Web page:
Judge Pablo Llarena has called the lawyers for 28 of the people being investigated for possible offenses related to the independence drive to appear in his court in order to notify them of the content of a writ that sets out the facts and offenses attributed to each suspect. This means that most of the investigative stage of the case is now complete; the Friday hearing is a preliminary step before the actual trial begins. The fact that all 28 lawyers have been summoned does not mean that all the suspects will be formally charged with crimes tomorrow: some could be left out of the case, and yet others be charged at a later date.
The judge is sure to start prosecution proceedings for rebellion against the four suspects who are currently in jail (former regional ministers Oriol Junqueras and Joaquim Forn, and one-time pro-independence association heads Jordi Sànchez and Jordi Cuixart), as well as six other former regional deputies (including Turull), and also Puigdemont and the four other ex-regional ministers who fled to Belgium.
Could the judge send Turull to jail?
Turull, as well as the other five aforementioned deputies, were released from custody on bail, after pledging before the judge that they would abide by the Spanish Constitution and abandon the unilateral drive for independence. If the prosecution asks for them to be sent back to jail, and the judge rules that they have reoffended or that there is a clear flight risk, he could lock them up once more.
How will the Spanish government react?
The government was preparing for Turull to be voted in as premier next week, in the knowledge it could do nothing to stop it. The judge’s decision to call these hearings for Friday, and the response of the Catalan parliament speaker, Josep Torrent, to hastily call an investiture session for Thursday, has disrupted these plans. If Turull is voted in, there is nothing the government can do about it, as Popular Party spokesperson Rafael Catalá admitted on Thursday. That said, Article 155 – the part of the Constitution that the central government in Madrid used to suspend the region’s autonomous powers – will stay in place until there is a regional government in Catalonia “in accordance with the law.” If Judge Llarena were to send Turull to prison on Friday, Article 155 would stay in force.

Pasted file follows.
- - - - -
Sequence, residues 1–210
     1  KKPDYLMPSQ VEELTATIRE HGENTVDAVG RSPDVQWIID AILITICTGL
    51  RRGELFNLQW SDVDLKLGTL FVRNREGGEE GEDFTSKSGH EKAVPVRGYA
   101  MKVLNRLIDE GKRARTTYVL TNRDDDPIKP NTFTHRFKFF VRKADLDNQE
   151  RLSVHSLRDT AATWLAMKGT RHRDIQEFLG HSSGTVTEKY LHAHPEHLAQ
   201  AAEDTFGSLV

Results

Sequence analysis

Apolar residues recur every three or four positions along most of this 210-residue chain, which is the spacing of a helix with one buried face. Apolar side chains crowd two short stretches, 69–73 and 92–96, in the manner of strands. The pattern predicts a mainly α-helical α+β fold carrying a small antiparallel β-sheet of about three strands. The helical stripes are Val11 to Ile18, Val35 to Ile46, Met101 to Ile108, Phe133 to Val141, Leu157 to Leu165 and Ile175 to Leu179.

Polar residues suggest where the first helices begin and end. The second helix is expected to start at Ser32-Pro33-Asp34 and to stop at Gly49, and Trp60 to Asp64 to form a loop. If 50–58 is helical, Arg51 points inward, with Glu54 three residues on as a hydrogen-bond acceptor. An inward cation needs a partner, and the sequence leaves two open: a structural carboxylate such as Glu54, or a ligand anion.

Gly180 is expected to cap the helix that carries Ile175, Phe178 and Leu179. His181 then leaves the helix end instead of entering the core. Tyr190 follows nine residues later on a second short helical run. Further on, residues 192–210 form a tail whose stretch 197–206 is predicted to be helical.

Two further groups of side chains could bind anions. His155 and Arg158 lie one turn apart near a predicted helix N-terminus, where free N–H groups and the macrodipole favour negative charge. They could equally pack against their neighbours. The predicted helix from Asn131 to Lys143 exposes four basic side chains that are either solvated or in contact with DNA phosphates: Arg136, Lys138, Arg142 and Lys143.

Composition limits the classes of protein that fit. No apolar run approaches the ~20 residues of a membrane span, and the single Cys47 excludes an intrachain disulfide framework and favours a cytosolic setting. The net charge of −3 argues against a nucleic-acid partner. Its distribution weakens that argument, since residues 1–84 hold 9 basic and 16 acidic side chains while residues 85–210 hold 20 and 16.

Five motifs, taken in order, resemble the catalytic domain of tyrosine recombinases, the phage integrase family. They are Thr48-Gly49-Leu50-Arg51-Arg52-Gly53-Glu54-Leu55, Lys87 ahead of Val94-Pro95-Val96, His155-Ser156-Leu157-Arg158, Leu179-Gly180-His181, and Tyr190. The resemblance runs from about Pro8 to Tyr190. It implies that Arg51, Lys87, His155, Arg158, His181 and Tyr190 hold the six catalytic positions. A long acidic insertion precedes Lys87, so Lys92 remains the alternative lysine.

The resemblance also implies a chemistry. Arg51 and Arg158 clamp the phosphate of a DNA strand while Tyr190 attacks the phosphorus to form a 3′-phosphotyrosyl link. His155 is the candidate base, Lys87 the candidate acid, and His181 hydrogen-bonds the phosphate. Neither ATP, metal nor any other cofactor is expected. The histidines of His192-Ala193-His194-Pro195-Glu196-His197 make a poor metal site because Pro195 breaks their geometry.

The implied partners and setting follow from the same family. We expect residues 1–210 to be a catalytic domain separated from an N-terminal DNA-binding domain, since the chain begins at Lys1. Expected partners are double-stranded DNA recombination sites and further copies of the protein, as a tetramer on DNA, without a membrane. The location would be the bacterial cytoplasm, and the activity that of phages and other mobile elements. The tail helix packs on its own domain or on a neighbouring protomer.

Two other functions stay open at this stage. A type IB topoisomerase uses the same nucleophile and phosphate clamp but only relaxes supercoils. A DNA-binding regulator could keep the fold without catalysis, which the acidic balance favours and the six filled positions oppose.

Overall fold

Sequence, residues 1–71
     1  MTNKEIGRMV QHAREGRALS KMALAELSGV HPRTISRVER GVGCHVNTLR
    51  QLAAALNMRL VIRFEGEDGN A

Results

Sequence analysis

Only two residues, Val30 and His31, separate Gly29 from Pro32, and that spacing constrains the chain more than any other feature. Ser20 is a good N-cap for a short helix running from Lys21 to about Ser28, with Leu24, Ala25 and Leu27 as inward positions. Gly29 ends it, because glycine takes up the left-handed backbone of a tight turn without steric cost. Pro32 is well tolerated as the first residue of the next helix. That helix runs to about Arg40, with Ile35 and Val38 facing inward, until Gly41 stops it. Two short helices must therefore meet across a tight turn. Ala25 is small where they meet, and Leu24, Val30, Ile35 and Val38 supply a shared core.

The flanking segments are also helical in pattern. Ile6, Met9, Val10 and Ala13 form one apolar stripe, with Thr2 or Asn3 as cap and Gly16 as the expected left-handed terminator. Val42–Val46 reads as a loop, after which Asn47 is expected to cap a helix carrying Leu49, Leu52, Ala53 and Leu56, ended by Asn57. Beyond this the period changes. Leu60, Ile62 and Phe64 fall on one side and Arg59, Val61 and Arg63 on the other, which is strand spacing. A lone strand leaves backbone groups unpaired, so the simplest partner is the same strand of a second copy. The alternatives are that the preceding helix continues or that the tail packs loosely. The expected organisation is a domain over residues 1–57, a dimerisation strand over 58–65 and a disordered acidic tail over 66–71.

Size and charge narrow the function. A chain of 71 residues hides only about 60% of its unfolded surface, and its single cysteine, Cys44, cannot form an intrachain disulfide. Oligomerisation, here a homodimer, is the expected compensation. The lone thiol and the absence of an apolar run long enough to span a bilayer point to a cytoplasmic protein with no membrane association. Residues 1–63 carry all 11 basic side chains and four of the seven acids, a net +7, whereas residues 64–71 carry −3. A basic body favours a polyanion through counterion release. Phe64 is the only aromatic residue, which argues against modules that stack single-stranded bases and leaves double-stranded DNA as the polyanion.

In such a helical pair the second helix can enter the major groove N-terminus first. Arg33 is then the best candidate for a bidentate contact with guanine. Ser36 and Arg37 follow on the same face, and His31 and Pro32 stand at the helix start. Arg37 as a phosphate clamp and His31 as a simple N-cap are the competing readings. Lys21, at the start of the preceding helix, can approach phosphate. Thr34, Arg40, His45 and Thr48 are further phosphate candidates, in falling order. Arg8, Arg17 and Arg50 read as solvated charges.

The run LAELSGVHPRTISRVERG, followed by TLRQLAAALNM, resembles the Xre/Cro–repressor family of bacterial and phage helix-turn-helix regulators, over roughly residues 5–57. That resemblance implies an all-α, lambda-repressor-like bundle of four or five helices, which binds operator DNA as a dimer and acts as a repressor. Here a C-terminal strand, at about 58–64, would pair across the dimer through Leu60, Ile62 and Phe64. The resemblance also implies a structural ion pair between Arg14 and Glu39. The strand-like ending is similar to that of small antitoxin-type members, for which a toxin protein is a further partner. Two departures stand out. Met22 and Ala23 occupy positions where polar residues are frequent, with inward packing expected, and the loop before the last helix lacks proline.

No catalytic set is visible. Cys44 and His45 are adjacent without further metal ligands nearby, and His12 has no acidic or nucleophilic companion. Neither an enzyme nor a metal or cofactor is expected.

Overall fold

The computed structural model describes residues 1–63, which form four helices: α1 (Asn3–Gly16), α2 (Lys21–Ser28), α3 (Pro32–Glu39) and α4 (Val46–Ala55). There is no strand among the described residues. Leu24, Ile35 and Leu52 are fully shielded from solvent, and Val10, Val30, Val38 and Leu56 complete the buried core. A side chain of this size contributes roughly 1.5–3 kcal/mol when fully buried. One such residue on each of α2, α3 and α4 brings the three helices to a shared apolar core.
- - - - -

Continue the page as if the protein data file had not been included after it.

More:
Spain’s justice minister, Rafael Catalá, admitted in a radio interview today that the investiture debate has been called within the bounds of the law, and as such cannot be appealed by the government and halted by the courts. Should the Supreme Court decide to go ahead and charge Turull, “that would not invalidate his premiership,” the minister said. At that point, Turull would still be facing a trial later this year, and the possibility of an adverse verdict that could bar him from holding public office.
Will Spain’s King Felipe VI sign off on Turull’s premiership?
If Turull is voted in as the Catalan premier, the king of Spain will have to sign off on the appointment, the justice minister admitted on Thursday. “Let’s bear in mind that the proceedings of the king are duty, they are formal, there is not an element of will,” Catalá explained. “He doesn’t have to approve it, he just has to ratify the appointment.”
English version by Simon Hunter.